Microsoft Windows 2000 operating environments have as much as a 48 percent total cost-of-ownership advantage over competing products, analysts with Aberdeen Group have concluded in two newly released studies. One study focused on the small and medium-sized business segment of information technology users finds that businesses are seeing an immediate cost savings of 38 percent after upgrading to Windows 2000 from Windows NT 4.0.

The second study involving the medium and large enterprises segment presents results of interviews with users in the segment where UNIX and reduced instruction set computers are predominant.

The second study found that Windows-based Intel server platforms have "a clear cost advantage" over proprietary UNIX platforms, particularly in server platform acquisition and ongoing administrative costs, Boston-based Aberdeen says.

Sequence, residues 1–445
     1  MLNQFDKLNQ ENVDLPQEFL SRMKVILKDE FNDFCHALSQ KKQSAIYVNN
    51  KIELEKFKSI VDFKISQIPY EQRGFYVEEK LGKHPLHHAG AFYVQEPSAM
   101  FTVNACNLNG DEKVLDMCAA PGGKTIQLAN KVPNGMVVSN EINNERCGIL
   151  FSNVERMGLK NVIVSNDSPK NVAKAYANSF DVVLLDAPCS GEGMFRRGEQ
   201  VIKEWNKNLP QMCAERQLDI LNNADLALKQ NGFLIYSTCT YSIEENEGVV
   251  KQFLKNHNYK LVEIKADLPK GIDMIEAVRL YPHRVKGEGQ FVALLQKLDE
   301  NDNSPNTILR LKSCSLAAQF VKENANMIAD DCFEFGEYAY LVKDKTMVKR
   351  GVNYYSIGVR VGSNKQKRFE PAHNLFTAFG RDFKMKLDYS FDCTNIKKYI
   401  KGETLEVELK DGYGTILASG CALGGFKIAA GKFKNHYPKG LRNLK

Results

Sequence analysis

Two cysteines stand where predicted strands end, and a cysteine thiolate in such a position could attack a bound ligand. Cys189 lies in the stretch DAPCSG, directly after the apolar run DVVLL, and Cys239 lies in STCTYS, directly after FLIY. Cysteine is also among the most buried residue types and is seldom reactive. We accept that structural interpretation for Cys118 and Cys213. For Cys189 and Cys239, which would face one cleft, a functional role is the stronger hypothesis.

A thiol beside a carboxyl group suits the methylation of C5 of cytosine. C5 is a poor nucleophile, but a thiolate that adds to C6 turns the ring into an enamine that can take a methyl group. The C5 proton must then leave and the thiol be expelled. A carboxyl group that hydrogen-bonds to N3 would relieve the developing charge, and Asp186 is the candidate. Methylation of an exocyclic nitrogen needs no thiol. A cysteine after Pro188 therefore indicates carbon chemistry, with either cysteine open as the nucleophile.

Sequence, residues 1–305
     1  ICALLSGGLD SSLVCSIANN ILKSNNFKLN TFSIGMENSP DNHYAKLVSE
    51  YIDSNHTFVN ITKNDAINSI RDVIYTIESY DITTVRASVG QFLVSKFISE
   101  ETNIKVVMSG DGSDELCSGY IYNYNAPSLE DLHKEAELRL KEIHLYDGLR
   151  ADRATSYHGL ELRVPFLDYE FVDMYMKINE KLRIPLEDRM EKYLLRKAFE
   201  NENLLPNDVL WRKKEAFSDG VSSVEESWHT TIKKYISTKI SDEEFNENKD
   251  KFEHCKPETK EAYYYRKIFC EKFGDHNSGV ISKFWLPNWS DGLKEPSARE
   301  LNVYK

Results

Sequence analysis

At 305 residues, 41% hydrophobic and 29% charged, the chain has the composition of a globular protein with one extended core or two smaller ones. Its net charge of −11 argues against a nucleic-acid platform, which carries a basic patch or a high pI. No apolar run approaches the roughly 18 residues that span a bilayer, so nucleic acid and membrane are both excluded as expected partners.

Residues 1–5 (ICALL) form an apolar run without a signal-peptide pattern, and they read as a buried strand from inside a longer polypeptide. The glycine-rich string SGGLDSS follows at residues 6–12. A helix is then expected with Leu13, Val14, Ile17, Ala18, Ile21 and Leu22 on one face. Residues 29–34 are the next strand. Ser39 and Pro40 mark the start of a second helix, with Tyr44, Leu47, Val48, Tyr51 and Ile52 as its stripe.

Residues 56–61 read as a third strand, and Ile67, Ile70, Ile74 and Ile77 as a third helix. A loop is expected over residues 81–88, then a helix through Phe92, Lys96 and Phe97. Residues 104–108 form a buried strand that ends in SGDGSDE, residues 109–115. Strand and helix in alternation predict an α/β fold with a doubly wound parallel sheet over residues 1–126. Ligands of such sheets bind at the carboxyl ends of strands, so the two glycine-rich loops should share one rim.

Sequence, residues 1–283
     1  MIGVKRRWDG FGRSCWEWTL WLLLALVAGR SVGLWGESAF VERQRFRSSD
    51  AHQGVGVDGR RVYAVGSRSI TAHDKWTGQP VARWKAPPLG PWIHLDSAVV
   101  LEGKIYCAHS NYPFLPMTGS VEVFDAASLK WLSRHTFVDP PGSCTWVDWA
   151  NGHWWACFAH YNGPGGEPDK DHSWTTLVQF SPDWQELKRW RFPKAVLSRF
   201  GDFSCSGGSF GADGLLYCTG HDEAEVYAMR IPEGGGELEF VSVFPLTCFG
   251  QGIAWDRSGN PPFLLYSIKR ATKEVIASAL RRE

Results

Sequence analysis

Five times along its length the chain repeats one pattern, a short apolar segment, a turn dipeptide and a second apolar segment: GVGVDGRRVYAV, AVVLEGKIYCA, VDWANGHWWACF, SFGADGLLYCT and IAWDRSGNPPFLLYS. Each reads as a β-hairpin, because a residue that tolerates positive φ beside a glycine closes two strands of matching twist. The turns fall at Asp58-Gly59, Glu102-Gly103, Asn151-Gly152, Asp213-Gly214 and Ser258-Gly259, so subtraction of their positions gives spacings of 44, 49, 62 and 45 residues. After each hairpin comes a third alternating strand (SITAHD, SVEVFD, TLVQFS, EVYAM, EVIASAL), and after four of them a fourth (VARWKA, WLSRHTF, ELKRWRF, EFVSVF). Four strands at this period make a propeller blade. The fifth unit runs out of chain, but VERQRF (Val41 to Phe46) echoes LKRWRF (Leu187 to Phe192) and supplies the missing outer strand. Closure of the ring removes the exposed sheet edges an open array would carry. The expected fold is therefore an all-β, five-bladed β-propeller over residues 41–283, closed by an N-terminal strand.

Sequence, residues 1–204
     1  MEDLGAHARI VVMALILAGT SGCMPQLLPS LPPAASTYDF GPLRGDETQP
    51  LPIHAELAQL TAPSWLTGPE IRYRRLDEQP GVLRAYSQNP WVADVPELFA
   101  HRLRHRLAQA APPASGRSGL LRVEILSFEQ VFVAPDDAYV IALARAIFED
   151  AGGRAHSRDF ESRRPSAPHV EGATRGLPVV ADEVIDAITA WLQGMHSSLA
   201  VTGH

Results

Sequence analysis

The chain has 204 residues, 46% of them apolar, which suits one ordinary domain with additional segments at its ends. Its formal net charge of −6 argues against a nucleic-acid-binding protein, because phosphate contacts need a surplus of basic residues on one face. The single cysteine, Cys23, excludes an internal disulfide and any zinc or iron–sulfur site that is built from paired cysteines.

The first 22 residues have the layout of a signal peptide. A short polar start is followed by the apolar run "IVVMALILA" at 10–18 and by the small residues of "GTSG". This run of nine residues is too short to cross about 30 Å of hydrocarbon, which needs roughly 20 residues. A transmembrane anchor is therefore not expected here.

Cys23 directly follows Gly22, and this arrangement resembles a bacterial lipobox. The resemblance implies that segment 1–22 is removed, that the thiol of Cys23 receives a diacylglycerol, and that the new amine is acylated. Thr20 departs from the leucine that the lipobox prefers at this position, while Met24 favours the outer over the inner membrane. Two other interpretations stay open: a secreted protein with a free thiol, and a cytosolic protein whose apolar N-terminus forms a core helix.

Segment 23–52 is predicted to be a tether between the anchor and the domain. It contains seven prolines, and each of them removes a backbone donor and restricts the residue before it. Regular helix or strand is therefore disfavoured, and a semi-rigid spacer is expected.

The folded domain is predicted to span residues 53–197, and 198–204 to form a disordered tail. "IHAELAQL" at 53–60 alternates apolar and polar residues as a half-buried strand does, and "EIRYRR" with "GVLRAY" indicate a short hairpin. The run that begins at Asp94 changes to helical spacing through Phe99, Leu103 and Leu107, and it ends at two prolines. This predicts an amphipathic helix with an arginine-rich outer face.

"Return on investment has become an increasingly important factor in a business IT purchasing decision and now ranks third among most IT buyers' priority lists," says Tom Manter, Aberdeen research director. "Businesses are inclined to focus more on understanding the cost of owning an IT solution over time, as compared to the cost of simply acquiring the technology."

The studies examined the six major cost categories of server hardware and operating system acquisition, initial server deployment, administrative support resources, ongoing internal staff training, periodic operating system update deployments and annual operating system support fees over a three-year period.

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